The Obama administration is turning to its top officials to tout democracy and political transparency for Egypt, a message that took on a hollow tone as the Egyptian military installed a new leader for the country and began rounding up its ousted president and his supporters.
Gen. Martin Dempsey, chairman of the Joint Chiefs of Staff, on Friday called Israel's military chief, Lt. Gen. Benny Gantz, for a second time in as many days. The Pentagon said Dempsey had spoken earlier with Lt. Gen. Sedki Sobhi, the chief of staff of Egypt's military, although the Pentagon wouldn't disclose details about any of the calls.
High-level diplomacy consultations took place Thursday when Secretary of State John Kerry, Defense Secretary Chuck Hagel and national security adviser Susan Rice briefed President Barack Obama on their calls to counterparts in Egypt, Israel, Turkey and other U.S. partners in the region.
That round of calls conveyed "the importance of a quick and responsible return of full authority to a democratically elected civilian government as soon as possible," Bernadette Meehan, a spokeswoman for the White House National Security Council, said at the time. The U.S. officials also pushed for what Meehan called "a transparent political process that is inclusive of all parties and groups" and urged all parties to avoid violence, she said in a statement.
Behind the scenes, the U.S. was signaling to Egypt and its allies that it accepts the military's decision to depose President Mohammed Morsi, and was hoping that what fills the vacuum of power would be more favorable to U.S. interests and values than Morsi's Islamist government. But those hopes were tempered by very real concerns that a newly emboldened military would deal violently with the Muslim Brotherhood, sending Egyptian society further into chaos and making reconciliation more difficult.
The Obama administration's stance, which carefully avoided the legal implications of calling the military's intervention a coup, won something of a bipartisan endorsement Friday from the Republican chairman and the top Democrat of the House Foreign Affairs Committee.
Republican Rep. Ed Royce of California and Democrat Eliot Engel of New York issued a joint statement that criticized Morsi for not embracing "inclusiveness, compromise, respect for human and minority rights and a commitment to the rule of law."
"We are encouraged that a broad cross-section of Egyptians will gather to rewrite the constitution," the lawmakers said. Like Obama, they urged the Egyptian military "to exercise extreme caution moving forward and support sound democratic institutions through which the people and future governments can flourish."
In spite of U.S. urging, Egyptian authorities arrested and detained the leader of the Muslim Brotherhood, General Guide Mohammed Badie, on Thursday, although he was later released and emerged publicly Friday to speak defiantly before a cheering crowd of pro-Morsi supporters, vowing to reinstate ousted Morsi and end military rule. Morsi, a leading member of the Brotherhood, and at least a dozen presidential aides already had been placed under house arrest.
Meanwhile, the military opened fire Friday on pro-Morsi protesters marching on the Republican Guard headquarters in Cairo, threatening to further escalate the confrontation. But the military also oversaw the swearing-in of Adly Mansour, the head of the Supreme Constitutional Court, as Egypt's interim president, illustrating the military's desire to be seen as quickly returning the nation quickly to civilian control.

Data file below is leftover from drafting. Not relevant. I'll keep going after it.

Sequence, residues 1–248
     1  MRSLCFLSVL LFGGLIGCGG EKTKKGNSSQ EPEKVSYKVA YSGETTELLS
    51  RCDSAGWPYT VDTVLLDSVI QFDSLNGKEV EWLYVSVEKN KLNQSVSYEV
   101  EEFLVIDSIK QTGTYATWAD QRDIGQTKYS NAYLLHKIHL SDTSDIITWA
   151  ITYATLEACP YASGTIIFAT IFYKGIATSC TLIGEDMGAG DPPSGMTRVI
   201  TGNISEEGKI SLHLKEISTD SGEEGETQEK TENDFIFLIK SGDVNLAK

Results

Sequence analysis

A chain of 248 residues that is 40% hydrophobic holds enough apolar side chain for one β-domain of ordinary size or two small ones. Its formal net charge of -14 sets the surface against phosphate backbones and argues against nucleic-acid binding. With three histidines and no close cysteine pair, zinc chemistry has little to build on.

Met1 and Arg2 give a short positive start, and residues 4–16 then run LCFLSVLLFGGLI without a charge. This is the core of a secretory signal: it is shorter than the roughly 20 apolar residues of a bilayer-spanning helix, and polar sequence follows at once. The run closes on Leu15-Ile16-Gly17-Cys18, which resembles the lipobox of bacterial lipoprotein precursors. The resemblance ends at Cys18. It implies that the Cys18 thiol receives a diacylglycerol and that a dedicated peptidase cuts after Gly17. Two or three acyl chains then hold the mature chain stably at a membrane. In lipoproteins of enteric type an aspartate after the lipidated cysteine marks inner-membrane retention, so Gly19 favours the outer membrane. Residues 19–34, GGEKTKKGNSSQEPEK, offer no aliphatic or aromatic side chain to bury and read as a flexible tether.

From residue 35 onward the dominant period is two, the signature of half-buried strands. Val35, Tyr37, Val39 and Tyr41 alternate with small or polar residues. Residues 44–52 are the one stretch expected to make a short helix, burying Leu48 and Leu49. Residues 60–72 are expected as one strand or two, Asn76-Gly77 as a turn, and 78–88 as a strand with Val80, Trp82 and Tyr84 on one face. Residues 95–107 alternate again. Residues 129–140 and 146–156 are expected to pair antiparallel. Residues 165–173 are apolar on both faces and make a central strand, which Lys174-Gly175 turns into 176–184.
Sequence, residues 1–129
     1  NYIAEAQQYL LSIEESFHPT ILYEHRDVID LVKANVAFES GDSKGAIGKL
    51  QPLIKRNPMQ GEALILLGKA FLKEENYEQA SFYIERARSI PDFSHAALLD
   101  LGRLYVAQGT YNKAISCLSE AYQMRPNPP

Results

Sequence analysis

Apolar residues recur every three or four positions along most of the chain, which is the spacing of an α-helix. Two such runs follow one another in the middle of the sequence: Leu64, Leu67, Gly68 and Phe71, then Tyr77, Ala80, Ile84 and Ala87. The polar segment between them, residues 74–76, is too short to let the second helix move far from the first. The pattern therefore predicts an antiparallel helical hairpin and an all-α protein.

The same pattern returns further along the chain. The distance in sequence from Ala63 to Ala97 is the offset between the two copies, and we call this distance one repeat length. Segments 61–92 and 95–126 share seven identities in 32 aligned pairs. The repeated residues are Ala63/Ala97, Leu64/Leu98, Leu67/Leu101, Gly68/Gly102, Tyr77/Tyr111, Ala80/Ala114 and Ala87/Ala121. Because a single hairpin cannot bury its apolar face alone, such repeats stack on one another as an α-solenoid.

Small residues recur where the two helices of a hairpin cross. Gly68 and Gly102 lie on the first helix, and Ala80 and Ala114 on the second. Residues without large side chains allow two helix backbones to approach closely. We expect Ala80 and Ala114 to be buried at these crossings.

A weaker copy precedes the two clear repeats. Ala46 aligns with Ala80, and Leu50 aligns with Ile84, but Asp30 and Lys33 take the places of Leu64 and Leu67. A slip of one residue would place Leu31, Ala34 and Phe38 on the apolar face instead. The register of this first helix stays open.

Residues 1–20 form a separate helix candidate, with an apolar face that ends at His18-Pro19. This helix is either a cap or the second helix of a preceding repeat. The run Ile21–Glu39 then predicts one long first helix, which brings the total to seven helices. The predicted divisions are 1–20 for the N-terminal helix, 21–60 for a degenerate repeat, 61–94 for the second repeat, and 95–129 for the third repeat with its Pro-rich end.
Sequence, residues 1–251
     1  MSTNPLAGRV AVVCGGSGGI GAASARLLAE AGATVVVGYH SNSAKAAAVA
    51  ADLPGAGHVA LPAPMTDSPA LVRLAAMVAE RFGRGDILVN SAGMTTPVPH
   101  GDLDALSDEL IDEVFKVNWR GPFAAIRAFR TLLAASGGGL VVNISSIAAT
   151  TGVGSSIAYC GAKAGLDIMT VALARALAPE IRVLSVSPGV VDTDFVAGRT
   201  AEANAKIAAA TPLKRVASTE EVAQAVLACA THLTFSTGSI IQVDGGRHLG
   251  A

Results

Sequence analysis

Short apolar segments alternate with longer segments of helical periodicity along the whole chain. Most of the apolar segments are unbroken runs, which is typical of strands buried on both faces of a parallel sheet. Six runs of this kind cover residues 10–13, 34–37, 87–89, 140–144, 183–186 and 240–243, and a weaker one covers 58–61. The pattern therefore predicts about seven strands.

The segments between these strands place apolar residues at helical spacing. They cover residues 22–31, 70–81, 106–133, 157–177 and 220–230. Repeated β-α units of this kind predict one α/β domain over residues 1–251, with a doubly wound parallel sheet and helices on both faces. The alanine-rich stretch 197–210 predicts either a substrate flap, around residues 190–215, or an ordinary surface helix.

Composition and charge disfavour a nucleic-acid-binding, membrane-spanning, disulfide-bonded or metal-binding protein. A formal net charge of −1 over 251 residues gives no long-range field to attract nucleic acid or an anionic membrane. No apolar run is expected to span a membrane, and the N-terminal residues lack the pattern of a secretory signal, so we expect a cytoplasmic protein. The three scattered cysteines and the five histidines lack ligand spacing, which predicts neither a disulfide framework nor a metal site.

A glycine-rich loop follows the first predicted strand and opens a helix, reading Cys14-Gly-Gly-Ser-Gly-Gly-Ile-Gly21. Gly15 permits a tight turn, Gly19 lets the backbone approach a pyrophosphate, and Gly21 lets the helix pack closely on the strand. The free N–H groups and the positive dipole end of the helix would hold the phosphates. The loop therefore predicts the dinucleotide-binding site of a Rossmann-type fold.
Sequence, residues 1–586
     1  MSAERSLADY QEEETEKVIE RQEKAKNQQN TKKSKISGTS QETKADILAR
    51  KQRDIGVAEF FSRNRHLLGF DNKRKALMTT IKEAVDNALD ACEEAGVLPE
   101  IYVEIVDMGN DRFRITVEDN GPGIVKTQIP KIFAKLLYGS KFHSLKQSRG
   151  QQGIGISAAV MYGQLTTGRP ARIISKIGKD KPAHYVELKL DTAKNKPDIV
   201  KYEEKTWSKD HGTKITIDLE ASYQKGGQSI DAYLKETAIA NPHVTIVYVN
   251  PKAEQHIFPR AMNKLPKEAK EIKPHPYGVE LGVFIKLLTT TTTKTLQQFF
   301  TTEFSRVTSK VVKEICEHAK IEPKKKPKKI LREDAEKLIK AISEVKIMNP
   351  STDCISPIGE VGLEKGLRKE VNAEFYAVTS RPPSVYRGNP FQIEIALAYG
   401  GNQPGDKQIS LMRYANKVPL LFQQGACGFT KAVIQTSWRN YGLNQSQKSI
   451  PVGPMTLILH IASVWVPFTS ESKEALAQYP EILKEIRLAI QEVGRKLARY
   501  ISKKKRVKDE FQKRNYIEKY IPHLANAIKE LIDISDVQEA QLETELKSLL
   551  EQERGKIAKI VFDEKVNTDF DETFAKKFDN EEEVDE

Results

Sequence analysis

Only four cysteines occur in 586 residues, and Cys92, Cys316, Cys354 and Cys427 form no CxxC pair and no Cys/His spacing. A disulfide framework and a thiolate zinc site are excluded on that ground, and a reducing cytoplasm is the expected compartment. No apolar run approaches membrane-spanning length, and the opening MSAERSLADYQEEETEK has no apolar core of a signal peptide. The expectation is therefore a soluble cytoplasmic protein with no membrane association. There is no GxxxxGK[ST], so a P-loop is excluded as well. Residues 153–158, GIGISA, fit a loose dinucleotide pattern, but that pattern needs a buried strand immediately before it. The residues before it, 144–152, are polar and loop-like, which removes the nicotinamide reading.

Morsi's ouster also threatened a divided reaction in Congress. One view tended to support the Egyptian military's action because of the longtime partnership between the U.S. and Egyptian military officials as well as perceived threats by Morsi to the type of democracy Egyptians aspired to during their 2011 revolution. Another view, however, noted that U.S. law called for an end to aid to a country if a military deposed its democratically elected government, even amid promises of a return of power to its people.
Obama on Wednesday, while not calling Morsi's ouster a coup, said he was ordering the government to assess what the developments portended for aid to Cairo.
The U.S. considers the $1.5 billion a year it sends Egypt to be a critical U.S. national security priority.
The administration faced difficult choices amid the ongoing crisis. If it denounced the ouster of Morsi, it could be accused of propping up a ruler who had lost public support. Yet, if it supported the military's action, the administration could be accused of fomenting dissent or could lose credibility on its commitment to the democratic process.
The administration is acting as if it accepts what happened in Egypt -- and actually believes it could turn out for the best with the Islamist Morsi no longer in charge. At the same time, officials are attempting to keep their distance, laying down markers for what they want to see in the long term while leaving it up to the military to make sure that happens.
But the White House may also be concerned that in the short term, the situation could spiral out of control, with the military using the clamoring in the streets as an excuse to confront the Muslim Brotherhood with excessive force. In bringing up U.S. aid in conversations with Egyptians without cutting it off, the U.S. leaves itself room to escalate the situation if need be, but also to work with Egypt's new government if it moves in the right direction.
After Morsi's ouster Wednesday, Obama said the U.S. would "not support particular individuals or political parties," acknowledging the "legitimate grievances of the Egyptian people" while also observing that Morsi won his office in a legitimate election.
Egyptian military leaders have assured the Obama administration that they were not interested in long-term rule following their toppling of Morsi.